My father had borderline personality disorder. That meant a lot of things, but mostly it meant that he couldn’t stand to be alone.
My father had intercoms around the house. Silver boxes that he set next to the bathroom toilet, on the countertop, and next to the kitchen faucet. He put one next to my bed, on my dresser, and another on his nightstand. Most of the time, he asked for simple things. “Sweetheart, can you bring me a cup of milk?” Other times, he tapped the button twice, like Morse code that I understood as, “You’re still here, right?” Usually, when I heard it, my head jerked like Pavlov’s dog before I dragged myself to my father’s room, my fourteen-year-old body resisting as if tethered to a leash. It was just the two of us. We had buried my mom at Menorah Gardens two years ago. Both of my sisters were away at college.
One night, I woke to a siren call through the hallways, open bathroom, and kitchen. The sound was suffocating. He never held the button. I knew to run. That night, it took me seconds to reach his room.
His door was locked, the key from the top left corner removed from the security box. I scrambled to find my spare—hidden in a mason jar of pennies. The glass trembled between my palms, as coins clattered onto the tiles like bullet casings. I spotted a silver flash against the copper coins. I hoped the key fit the lock.
Stepping into his room felt like sealing the hatch on an isolation tank. Absolute darkness, the stillness of the objects, the air came to a halt. The fan that usually whirred next to his bed stood silent that night. Our black Labrador, Care, whimpered from behind the closed bathroom door. Instead of a note, he’d left a list of passwords and pin codes to his bank accounts with the relevant balances.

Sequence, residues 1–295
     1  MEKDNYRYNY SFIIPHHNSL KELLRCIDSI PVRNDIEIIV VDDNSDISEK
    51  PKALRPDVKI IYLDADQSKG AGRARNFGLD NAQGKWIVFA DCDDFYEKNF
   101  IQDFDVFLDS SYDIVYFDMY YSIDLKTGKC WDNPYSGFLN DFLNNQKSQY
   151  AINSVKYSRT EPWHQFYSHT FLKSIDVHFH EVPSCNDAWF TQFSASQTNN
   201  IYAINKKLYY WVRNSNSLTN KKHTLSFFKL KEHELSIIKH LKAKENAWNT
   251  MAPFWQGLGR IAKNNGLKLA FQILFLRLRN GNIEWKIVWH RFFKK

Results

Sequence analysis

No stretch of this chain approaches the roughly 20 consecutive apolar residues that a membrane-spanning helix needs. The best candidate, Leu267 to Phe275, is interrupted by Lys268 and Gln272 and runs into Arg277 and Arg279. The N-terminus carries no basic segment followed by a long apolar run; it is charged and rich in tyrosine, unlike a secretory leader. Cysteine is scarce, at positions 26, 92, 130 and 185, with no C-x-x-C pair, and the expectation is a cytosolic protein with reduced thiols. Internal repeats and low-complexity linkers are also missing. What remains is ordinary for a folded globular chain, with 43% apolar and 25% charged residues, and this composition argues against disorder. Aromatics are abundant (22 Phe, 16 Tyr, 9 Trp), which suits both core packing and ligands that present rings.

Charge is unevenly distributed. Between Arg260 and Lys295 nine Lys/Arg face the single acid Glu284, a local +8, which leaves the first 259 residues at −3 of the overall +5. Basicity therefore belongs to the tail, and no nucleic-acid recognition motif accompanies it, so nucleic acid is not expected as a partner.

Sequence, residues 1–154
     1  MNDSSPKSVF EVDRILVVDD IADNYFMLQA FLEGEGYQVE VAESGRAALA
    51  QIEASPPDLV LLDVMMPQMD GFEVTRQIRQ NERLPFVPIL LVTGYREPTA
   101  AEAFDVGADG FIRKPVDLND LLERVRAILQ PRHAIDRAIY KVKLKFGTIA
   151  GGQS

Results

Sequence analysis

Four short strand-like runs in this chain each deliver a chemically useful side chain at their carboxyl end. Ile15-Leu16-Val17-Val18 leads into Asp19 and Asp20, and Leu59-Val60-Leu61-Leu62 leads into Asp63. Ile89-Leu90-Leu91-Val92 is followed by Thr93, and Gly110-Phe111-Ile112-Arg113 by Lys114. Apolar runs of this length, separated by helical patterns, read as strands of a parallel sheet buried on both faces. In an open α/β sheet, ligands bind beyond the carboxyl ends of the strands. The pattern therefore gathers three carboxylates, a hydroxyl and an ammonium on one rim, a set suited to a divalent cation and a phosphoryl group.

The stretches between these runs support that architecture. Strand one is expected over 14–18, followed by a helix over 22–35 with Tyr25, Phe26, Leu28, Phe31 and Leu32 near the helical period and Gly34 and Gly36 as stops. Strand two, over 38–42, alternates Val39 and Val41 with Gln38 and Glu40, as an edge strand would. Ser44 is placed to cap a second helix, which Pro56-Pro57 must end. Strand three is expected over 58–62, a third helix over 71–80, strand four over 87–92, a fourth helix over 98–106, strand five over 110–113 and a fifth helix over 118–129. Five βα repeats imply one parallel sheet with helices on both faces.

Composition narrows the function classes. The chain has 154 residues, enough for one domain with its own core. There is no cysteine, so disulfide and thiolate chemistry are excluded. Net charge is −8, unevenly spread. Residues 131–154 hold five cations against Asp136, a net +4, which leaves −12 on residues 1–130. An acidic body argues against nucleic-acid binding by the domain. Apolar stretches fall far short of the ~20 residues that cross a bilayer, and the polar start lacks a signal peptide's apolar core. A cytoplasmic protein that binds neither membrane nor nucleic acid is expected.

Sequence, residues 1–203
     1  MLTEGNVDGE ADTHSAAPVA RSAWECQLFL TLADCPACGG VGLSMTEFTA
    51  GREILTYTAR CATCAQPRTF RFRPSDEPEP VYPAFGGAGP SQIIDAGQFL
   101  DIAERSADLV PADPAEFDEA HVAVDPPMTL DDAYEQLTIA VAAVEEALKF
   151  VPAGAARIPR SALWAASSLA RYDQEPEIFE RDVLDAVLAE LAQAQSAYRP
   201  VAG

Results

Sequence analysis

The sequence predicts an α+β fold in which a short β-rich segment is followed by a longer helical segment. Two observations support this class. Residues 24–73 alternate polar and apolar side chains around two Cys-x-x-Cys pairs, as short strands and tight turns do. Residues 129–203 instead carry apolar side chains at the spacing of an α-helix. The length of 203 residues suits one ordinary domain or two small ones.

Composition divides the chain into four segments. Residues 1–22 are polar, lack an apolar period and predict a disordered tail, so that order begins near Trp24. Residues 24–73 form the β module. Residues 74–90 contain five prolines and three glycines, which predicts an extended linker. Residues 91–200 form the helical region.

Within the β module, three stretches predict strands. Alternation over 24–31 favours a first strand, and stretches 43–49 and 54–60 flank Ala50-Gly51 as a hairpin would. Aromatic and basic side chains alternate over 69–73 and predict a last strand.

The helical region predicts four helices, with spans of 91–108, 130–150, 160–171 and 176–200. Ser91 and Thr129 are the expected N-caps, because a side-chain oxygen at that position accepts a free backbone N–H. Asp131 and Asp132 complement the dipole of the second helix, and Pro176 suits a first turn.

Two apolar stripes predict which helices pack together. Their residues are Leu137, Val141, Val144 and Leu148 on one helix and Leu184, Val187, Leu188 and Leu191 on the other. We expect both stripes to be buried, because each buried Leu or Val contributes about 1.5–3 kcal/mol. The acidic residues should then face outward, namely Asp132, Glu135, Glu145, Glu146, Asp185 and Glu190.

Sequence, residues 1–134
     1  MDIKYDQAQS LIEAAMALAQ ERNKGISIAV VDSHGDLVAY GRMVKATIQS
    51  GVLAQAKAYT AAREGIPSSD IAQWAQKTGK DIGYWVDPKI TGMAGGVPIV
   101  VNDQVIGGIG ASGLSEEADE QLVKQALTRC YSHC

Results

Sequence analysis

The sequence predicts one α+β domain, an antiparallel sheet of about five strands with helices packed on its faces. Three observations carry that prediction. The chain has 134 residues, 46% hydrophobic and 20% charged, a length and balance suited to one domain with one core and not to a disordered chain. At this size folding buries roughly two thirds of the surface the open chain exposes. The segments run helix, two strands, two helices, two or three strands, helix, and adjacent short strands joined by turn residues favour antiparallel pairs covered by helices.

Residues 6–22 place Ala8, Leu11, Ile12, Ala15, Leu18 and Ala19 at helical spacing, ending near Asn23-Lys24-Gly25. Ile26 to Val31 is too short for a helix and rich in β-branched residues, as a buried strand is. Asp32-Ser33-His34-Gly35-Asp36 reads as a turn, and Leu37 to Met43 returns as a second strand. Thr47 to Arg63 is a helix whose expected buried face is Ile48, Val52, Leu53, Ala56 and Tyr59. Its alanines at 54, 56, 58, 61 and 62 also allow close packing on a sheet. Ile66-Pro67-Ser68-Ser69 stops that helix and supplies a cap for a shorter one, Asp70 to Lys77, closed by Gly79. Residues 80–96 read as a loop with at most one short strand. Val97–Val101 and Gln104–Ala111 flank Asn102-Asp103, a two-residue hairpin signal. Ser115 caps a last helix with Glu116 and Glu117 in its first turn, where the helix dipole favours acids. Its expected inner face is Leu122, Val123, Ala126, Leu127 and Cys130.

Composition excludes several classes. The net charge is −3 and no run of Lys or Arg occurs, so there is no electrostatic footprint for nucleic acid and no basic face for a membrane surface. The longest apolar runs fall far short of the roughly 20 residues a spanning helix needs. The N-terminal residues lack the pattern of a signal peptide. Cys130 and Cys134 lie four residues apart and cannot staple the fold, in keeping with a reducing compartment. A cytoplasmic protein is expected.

My father’s breath broke through the darkness, a faint hum that spilled through the stagnant air and enveloped me. I fumbled with the remote until the light above his bed illuminated the scene. My father’s neck was suspended by a rope to the rafters of his headboard. His eyes—blood spots surrounding blue irises, bulging from his purpling face—motioned towards the button that controlled the adjustable mattress. His fading breath quickened my hands. I squeezed my fingers between the noose and his neck. His skin loosened and hung over my hand. If I pressed the wrong button, I would strangle him. I elevated his head to ease the tension until I could slip the rope off his neck.
Ten years from that night, he’ll casually bring it up in the living room.
“I’m sorry about that scare, sweetheart,” my father will say, nervously playing with the tassels on his blue sweatpants. “I didn’t mean to hurt you. I was just trying to test myself. To see if I could really do it.”
This is the first time he’ll mention that night, when the sweat puddled on his neck, the bruise deepened, and tears muddied both of our faces. That night, he asked me to stay next to him. That night, I listened to the casual pull of his breath—breath I couldn’t count on anymore.
When he fell asleep, I rubbed small circles around his back, sank my body into the small space beside him, and measured his heartbeat alongside my own.